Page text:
The Mountain View neighborhood of Anchorage, Alaska, has undergone various reincarnations, but a common concern in recent decades was neglect. Then, at the beginning of the new millennium, community leaders and investors launched a revitalization project. Inspired by Mountain View’s cultural diversity and natural beauty, the practitioners aimed to create a place where families and businesses could grow roots.
With support from elected officials, the Rasmuson Foundation, led by Diane Kaplan, made a $5 million investment in the community, creating the Anchorage Community Land Trust to oversee everything from community gardens to real estate. The Cook Inlet Housing Authority tackled the residential piece. Together, the partners have built appealing new affordable housing, drawn diverse businesses and artist studios to the commercial strip, and trained their lens on health. Their vision has inspired partnerships and engagement among community members.
We wrote about the Mountain View revitalization project on our blog, and spoke with Kaplan to hear about how a collaborative community development project has improved the well-being and livelihood of residents.
Why was Mountain View poised for a large-scale revitalization project?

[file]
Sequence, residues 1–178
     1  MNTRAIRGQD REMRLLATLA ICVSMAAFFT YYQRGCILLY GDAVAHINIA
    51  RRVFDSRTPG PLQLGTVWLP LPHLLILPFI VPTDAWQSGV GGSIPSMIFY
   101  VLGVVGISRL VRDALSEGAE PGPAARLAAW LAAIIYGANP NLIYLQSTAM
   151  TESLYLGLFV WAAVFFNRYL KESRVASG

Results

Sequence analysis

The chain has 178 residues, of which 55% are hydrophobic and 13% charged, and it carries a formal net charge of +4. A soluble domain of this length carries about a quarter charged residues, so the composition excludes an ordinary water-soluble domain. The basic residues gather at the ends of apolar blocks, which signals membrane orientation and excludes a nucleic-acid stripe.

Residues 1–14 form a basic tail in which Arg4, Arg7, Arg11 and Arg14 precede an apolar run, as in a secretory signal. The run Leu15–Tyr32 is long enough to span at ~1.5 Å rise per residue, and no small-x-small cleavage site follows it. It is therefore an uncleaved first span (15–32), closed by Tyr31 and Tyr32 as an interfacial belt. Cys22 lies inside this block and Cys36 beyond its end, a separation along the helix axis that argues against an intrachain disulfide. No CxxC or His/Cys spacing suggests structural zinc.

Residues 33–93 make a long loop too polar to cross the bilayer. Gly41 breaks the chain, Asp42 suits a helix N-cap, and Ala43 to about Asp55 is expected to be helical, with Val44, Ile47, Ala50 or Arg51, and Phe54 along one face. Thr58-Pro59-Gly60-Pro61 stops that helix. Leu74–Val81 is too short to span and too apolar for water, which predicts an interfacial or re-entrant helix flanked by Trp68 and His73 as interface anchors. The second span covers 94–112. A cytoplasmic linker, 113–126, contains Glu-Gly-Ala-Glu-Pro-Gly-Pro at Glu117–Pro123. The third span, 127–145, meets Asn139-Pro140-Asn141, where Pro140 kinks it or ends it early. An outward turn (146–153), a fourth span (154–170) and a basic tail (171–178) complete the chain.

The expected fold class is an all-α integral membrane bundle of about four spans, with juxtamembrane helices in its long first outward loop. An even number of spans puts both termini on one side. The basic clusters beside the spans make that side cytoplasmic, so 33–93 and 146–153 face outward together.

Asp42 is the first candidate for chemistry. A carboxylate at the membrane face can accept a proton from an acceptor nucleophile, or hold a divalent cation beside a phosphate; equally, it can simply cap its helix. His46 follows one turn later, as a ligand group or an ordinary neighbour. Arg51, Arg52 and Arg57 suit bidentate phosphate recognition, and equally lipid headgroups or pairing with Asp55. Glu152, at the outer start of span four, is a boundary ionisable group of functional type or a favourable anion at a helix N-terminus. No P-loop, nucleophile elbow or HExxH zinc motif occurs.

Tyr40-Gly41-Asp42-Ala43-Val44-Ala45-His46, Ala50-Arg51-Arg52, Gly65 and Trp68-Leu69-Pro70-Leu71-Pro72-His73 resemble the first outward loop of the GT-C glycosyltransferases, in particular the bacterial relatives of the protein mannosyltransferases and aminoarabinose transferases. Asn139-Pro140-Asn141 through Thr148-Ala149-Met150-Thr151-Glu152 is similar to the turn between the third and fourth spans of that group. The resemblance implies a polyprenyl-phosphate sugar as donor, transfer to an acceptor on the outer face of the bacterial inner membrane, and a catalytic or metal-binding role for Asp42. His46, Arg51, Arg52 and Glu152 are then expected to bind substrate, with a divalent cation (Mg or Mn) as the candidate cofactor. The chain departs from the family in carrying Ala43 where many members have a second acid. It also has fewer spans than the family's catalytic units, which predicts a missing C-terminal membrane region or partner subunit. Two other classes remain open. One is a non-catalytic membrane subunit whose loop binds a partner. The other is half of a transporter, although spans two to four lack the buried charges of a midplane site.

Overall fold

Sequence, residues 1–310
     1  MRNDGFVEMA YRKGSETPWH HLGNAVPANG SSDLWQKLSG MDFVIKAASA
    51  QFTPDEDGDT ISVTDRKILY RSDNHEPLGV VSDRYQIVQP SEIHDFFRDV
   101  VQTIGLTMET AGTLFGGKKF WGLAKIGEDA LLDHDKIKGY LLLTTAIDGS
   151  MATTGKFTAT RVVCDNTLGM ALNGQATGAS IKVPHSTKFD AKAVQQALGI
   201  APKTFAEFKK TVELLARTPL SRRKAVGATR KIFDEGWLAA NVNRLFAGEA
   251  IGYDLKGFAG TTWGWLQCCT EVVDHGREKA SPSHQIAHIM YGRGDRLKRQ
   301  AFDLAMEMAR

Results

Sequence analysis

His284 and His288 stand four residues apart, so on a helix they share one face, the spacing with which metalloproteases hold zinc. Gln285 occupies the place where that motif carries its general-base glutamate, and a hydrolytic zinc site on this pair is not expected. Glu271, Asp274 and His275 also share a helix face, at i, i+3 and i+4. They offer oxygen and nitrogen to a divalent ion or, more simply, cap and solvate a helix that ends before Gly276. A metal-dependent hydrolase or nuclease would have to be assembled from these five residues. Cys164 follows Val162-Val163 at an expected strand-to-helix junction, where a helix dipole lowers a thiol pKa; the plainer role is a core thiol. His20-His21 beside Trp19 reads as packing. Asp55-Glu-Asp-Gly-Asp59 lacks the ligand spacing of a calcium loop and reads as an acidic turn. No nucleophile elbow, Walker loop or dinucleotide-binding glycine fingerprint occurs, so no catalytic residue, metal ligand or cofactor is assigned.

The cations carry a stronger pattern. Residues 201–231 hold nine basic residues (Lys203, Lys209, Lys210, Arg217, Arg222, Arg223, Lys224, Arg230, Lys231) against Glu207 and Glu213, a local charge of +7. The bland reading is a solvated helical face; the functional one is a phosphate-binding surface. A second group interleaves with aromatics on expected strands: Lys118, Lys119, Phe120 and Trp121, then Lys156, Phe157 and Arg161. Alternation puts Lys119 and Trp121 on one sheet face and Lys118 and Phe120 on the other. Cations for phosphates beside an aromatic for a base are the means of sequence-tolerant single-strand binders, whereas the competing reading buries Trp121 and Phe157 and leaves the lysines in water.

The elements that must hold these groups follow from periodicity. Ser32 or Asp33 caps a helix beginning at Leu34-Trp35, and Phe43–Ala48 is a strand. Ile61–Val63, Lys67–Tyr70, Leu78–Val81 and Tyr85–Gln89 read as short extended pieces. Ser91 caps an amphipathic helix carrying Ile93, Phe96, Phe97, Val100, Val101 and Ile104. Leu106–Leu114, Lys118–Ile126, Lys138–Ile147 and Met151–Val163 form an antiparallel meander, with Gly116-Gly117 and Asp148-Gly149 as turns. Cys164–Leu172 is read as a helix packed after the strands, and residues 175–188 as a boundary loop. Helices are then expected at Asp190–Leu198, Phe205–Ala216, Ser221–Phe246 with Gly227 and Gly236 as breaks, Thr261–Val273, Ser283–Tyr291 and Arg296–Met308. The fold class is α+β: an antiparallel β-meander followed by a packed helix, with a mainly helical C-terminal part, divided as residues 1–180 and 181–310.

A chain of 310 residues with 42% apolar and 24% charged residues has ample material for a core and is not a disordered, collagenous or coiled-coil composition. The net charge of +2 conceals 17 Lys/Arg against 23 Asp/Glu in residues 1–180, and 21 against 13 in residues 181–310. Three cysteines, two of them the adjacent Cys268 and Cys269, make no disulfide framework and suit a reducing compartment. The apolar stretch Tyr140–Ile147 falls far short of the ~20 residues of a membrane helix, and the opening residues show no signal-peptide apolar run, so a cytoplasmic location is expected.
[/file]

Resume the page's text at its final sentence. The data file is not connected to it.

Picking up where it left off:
By the time we became involved in Mountain View in the early 2000s, the neighborhood had really fallen on hard times, to a point where anyone who could avoid living there did. Most of the residents were living in multifamily, substandard housing, owned by people who didn’t live locally. Crime started escalating. There was no construction, very little local ownership, and transiency in the two local elementary schools.
In midst of that, a woman at the local housing authority had a real vision. She said: “Look at the diversity. Look at the views.” In addition, the head of the Mountain View Citizens Council was just elected mayor of Anchorage. So we went all-in and approved a $5 million grant, the largest we’d ever made, mostly for acquiring property.
What does good leadership look like on a big project like this one?
This work can be very stressful. The right types of personalities are those who are flexible and can pivot if circumstances change. We’re lucky to have a strong community council and the Anchorage Community Land Trust. One of the biggest leaders is the Cook Inlet Housing Authority. It’s a Native entity but it’s operated under the state of Alaska. Everyone says their work in Mountain View is the best affordable housing in the country.
What makes it so special?
They started buying the worst properties in Mountain View, tearing them down, and building new houses in scattered sites across the neighborhood, for rental, rent-to-own, and ownership. The director, Carol Gore, brought in major builders of million-dollar houses and said: “You’ve earned a fortune. Time to give back. Design me a 2,000-square-foot house just as nice as the ones you’ve got.” They’re stunningly beautiful and they’re five-star energy rated so they don’t cost a lot to operate. Families who had a long-term stake in the neighborhood started moving in.